We did our flowers by hand, too. My Mater worked for many years in a flower shop, and so she offered to do the bouquets. I ordered two extra-large bouquets of loose flowers from a florist, and she transformed them into five bouquets, six boutonnierres, and two corsages. We got all of that for about $160. (Bridal and wedding party bouquets from the same florist started at $50 and went as high as $430 for ONE bouquet. See what I mean about insane markups?)

Skip some of the decorations. Our church has a lovely mostly-wood interior, so we decided not to do any decorations at the church itself. The interior pictures were still beautiful.

Keep an eye out for deals. Stan found a menswear shop offering a deal where if the wedding party rented at least five tuxes from them, the groom's rental would be free and he would get a coupon for a free suit (up to $400). We had enough people to swing it, and so Stan got a free tux rental, and a month or two after the wedding we went and bought him a $500 suit for only $100 cash down. Score!

Forget the frou-frou wedding favours. Let's be honest: all of those personalized shot glasses, picture frames, and candle holders go into a drawer and are never looked at again. For our favours I got a bunch of little paper boxes and we filled them with candy from Bulk Barn. People had something to eat before dinner and the favour cost was kept to about $1.25/head.

Determine your priorities. One of the hardest parts of planning a wedding is managing other people's expectations -- but what other people want isn't necessarily what's important to the two of you. If you figure out what your priorities are, you can concentrate (and spend) the most on those things, and let the rest of the chips fall where they may. Stan and I both think that the whole cutting-the-cake-together-and-feeding-it-to-each-other thing is cheesy, so we skipped the expensive wedding cake and served pie for dessert.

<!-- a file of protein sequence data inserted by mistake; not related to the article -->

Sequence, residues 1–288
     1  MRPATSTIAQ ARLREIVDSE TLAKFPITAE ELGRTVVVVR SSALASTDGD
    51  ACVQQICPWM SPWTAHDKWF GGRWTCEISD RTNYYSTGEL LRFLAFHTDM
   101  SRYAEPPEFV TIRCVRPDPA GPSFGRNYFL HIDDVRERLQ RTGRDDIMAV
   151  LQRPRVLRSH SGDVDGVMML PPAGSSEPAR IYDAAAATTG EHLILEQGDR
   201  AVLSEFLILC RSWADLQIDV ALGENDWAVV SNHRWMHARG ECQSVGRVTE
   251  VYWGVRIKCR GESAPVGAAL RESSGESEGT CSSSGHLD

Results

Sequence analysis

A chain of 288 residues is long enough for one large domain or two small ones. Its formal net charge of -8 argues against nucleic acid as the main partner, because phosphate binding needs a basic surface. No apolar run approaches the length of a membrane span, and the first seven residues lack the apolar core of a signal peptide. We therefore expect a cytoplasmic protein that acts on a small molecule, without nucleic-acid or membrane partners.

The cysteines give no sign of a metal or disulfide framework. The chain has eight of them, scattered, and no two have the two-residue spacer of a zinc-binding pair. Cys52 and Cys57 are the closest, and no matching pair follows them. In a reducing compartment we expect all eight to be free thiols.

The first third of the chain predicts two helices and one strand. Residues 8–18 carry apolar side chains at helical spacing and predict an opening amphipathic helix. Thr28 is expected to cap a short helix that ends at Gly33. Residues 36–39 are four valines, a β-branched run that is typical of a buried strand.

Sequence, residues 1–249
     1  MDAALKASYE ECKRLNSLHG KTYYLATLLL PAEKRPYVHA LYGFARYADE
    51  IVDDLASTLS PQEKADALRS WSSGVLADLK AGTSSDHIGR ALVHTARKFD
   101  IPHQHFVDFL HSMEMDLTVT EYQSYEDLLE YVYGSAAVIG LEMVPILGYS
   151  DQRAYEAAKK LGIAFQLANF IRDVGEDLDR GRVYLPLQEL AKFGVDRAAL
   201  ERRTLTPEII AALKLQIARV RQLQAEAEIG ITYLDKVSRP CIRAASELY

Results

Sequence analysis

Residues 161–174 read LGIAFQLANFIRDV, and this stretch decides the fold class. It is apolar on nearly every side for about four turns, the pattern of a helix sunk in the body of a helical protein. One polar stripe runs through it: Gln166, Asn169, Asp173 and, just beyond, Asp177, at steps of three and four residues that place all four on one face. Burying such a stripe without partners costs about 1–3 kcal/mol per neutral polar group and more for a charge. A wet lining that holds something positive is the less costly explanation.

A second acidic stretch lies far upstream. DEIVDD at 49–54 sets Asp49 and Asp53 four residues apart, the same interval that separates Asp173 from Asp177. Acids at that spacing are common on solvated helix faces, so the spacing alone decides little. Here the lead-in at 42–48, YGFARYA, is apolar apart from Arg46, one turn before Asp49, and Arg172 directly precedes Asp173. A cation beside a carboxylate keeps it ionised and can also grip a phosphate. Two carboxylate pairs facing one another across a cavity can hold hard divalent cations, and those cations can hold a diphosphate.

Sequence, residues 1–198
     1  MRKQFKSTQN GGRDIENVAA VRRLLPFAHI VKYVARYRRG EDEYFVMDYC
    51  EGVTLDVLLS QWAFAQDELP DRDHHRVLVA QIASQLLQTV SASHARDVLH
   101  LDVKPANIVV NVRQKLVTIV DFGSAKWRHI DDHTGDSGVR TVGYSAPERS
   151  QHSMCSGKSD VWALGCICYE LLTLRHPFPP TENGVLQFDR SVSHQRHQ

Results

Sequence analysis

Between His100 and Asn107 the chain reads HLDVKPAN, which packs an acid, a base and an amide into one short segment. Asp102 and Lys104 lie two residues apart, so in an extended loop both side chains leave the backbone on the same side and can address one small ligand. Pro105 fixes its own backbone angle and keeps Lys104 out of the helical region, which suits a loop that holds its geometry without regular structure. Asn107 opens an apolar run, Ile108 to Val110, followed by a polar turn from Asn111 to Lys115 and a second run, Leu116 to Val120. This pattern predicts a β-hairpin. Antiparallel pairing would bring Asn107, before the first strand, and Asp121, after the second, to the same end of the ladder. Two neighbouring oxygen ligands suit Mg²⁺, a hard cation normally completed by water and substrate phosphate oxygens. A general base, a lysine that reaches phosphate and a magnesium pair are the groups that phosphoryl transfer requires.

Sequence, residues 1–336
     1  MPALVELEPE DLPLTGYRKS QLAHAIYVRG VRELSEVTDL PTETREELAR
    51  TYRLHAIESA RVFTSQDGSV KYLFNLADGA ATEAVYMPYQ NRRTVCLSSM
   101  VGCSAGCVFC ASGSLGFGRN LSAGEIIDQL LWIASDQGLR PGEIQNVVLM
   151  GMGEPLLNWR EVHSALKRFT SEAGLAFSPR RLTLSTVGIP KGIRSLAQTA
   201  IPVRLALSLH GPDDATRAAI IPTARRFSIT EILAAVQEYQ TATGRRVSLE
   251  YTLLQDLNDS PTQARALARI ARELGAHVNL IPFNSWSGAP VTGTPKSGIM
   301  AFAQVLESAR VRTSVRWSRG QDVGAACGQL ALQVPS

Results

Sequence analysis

Having a beautiful, frugal wedding is totally doable. I wouldn't have traded ours for the world.

January 5, 2013

No, really, I'm sure they'll take you seriously now

A lot of what I'd like to say about this video has already been said by commentators both wiser and more acerbic than I; allow me to point out, however, that this is not a parody.

Apparently these women think that they're helping their cause.

Hat-tip to Auntie Seraphic and The Lonely Disciple. Oh, and Father Z.

January 3, 2013

Don't worry, I confiscated their MDMA

My family still does Christmas stockings, and while the contents tend to run more and more to edibles lately, Vater always manages to stick in a little toy or two. Among this year's pickings were glowsticks, and I collected mine and Stan's and took them with me when I went back to work yesterday.

After sunset -- call it around 4:30 or so -- I took the twins upstairs and told them I had something special to show them. We closed the door of their room and turned off the lights, and I cracked the glowsticks for them. They were a hit, and we spent a while seeing in how many different directions we could wave them.

The novelty of this wore off a lot sooner for me than it did for them, of course, so I started to look for a way to make it more interesting. Their parents had left the ipod upstairs, so I plugged it into the stereo and started pumping out some Raffi. Dancing naturally followed.

About ten minutes later I realised this:

  1. It was dark
  2. We were dancing
  3. We had glowsticks
  4. There was loud music playing
  5. People were spinning around until they fell down
  6. Two-thirds of those present were not wearing pants

Though it would have been more (in)appropriate if I had first gotten them all hyped up on apple juice, I'm pretty sure that I just hosted a toddler rave.